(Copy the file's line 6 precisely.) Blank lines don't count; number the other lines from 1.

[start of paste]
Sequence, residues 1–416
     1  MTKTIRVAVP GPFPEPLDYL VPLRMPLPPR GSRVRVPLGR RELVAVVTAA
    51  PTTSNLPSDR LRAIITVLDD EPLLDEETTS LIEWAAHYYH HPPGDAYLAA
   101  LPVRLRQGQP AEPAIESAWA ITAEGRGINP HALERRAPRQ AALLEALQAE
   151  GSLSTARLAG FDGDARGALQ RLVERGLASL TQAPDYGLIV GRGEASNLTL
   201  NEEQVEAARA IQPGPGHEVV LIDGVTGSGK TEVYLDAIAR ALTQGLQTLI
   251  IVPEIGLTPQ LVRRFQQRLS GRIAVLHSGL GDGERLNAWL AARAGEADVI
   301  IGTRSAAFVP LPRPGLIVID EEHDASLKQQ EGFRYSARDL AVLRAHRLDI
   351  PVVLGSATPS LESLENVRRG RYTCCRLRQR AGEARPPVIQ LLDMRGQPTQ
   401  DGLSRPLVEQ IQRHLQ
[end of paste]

   201  NEEQVEAARA IQPGPGHEVV LIDGVTGSGK TEVYLDAIAR ALTQGLQTLI